It’s been nine long years since gamers took control of former New York City detective Max Payne and solved the murder of his wife and child. Besides the awful live-action adaptation starring Mark Wahlberg, nobody has heard from Max until Rockstar Games recent revival of the fallen hero with the release of Max Payne 3. Could the company recapture the fire that the Max Payne franchise once had?
That’s what we here at Nerd Bastards wanted to find out. So we picked up a copy, jammed it in our magic gaming boxes and played for several straight hours in both single player and multiplayer campaigns. Let’s get to the results shall we:
Picking up eight years after the events of Max Payne 2: The Fall of Max Payne, Max has been hitting the bottle HARD since his move to São Paulo, Brazil. Now working for a private security firm guarding members an exclusively rich family, Max is eventually drawn back into the deadly world of firearms, pain killers and the forever remembered bullet-time. From that point on it’s classic Max, but with a few new editions to the gameplay.
As in most next-generation games cover is your new best friend, and in Max Payne 3 it’s no different.Taking queues from games like Mass Effect and Gears of War, Max Payne 3 will have you shooting from cover and blind firing to keep the baddies at bay, but with a subtle difference. Known to some as the improved “shoot-dodge”, this gaming mechanic takes the classic bullet-time introduced to franchise veterans in the first Max Payne and throws it in the air – literally. With the simple tap of a button, either from behind cover or out in the open, you’ll propel Max through the air in slow-motion, mowing down enemies till your bullet-time meter expires or you hit the ground. You’ll be doing you best John Woo impressions before you know it.
Other then that, if you’ve ever played a Max Payne title before the controls are all still there,with a few real world rules thrown in. Max won’t magically pull a shotgun out of his ass anymore, as you can now only hold 3 weapons at a time, meaning if you have a pistol and you want to use a rifle, your going to have to sacrifice a hand. Duel-wielding is still part of the overall gameplay, but at a cost of reducing aim and making yourself a bigger target. One key factor for new players however is the concept of the “Last man standing”, Max Payne’s second chance if you will.
If your about to die and you still have one painkiller in your possession you instantly have a chance to kill the AI that shot you, and if you do your back in the fight with more more chance at redemption. For you new players it’s going to be a godsend cause your going to die more then once.
As for the overall single player experience, it’s fantastic. It’s like picking up a game you haven’t played in months and instantly knowing what to do. The action is solid and seamless, with cut scenes are interwoven into the campaign with almost no notice and the story is solid. Taking Max from the fallen hero and giving him new purpose in life, this is the Max Payne movie that should have been, but instead of watching the experience you get to play it.
A first in the franchise, multiplayer brings a whole new realm of game play to players by introducing squad combat and the ability to form “crews”, gaining not only experience for yourself, but your team as well. All the multiplayer modes are there, from the standard team deathmatch to a game type called “Payne Killer”, in which the first and second players become Max and his partner Raul Passos. Players earn points by staying as either Max or Raul for as long as they can, and as players kill those in control of the two they will become the next Max or the next Raul. A little confusing at first, but as the rounds go on it’s quite fun.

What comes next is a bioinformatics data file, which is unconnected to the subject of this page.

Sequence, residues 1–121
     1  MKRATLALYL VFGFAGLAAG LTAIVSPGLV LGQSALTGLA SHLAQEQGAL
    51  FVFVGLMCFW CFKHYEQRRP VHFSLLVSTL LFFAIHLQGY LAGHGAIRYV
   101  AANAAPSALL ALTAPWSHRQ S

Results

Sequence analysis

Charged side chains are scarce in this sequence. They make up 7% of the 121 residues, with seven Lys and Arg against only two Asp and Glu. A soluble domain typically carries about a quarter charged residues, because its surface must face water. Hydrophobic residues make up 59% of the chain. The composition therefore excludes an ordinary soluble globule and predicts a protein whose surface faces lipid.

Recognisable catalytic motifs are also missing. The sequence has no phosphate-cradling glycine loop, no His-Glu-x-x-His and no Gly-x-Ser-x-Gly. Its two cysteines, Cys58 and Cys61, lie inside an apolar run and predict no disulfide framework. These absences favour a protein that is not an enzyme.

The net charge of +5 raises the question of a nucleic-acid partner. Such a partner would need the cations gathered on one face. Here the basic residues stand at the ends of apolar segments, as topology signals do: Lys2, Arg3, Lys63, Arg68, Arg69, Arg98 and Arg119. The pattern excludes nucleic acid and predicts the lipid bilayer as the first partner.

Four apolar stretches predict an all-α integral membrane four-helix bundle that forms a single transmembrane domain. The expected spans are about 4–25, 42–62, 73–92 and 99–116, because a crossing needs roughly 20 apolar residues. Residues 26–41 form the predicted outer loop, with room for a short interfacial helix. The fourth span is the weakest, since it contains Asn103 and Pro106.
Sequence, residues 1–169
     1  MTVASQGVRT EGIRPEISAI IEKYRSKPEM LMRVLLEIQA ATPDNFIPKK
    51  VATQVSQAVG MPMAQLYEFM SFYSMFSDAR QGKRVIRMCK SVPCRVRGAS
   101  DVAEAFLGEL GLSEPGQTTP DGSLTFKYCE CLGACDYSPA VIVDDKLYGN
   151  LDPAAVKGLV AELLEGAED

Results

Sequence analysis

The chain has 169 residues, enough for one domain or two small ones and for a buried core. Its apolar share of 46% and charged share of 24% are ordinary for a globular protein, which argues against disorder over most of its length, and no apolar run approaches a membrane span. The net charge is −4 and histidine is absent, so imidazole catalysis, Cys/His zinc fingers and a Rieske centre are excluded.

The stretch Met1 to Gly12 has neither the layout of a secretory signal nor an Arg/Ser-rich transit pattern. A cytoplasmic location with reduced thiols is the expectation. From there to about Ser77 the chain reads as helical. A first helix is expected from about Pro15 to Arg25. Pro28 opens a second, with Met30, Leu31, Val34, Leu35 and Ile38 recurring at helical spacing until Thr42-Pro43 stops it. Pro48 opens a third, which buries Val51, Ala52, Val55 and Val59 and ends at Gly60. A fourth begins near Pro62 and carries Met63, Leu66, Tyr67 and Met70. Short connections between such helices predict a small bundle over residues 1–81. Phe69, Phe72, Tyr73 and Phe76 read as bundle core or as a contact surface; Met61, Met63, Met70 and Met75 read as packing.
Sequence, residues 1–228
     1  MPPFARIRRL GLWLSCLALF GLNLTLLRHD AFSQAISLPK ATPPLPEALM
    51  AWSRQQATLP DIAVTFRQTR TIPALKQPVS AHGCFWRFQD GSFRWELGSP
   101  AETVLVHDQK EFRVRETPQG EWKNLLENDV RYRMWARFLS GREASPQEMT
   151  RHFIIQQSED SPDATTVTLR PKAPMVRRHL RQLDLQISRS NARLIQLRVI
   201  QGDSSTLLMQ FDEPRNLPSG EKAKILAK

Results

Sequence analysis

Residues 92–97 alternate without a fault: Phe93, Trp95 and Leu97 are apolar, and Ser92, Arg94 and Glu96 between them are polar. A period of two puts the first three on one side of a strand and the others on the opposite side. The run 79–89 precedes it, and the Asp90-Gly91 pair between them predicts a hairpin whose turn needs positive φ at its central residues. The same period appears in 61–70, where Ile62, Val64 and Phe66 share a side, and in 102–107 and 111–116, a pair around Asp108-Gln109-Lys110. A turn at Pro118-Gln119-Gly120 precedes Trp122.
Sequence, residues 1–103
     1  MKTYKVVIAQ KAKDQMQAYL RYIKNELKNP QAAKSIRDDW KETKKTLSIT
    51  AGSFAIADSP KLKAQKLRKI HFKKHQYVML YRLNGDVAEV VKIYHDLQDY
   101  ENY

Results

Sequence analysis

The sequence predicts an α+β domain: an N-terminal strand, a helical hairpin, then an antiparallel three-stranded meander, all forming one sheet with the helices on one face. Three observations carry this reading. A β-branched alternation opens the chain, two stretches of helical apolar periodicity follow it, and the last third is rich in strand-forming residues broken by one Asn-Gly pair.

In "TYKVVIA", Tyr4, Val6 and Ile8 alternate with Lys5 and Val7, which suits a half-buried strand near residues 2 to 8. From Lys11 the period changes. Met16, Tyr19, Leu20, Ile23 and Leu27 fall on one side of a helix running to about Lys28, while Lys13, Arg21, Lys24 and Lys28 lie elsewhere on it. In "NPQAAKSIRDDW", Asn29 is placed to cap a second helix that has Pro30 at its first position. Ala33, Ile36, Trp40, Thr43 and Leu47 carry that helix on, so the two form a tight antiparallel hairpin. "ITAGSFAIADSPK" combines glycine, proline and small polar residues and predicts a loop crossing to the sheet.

A key factor to multiplayer however is it’s customization, which you have little of at the start. As time progresses and you get either xp or complete certain requirement in single player, new choices will open up for you to enj0y and allow you to customize to your hearts content. Unlike single player however, the concept of bullet-time is different, with so many players at once not everyone will slow to a snail’s crawl. In multiplayer bullet-time is a line of sight deal, if you see you target and you activate the matrix-like effect it will only occur in your and your target’s vision. And with multiple targets at once in any game type it’s literally going to be every man, or woman, for themselves.
The only gripe this reviewer had with the multiplayer was the introduction of Gang Wars, taking key moments from the single player experience and turning them into multiplayer deathmatches was a bit of a turn off. Sure, it counts as almost a second campaign to some and outcomes can change based on who wins, but it feels almost forced. Still, it’s worth a play through since it nets you those precious experience points and cash to purchase upgrades and weapons.
Max Payne 3 by definition is the final game in the trilogy craze Rockstar Games started way beck in 2001, but it is far from the end. Besides the only downside being that the PlayStation edition is one disc and the X-Box is two due to size, there’s not much to go after when Max Payne is as smooth an experience as it is.
A must own for any gamer looking to substitute a few boring hours a night with some Hong Kong action mixed with a little danger and explosions. This might even be the beginning of a sequel or reboot to the franchise is a few years, but until then Max Payne 3 will fit comfortably in your system for the weeks and months to come. You gave Max the final hooray that he deserved Rockstar Games, we look forward to what you have in store next (GTA 5, wink wink).
Agree? Disagree? Let hear your thoughts.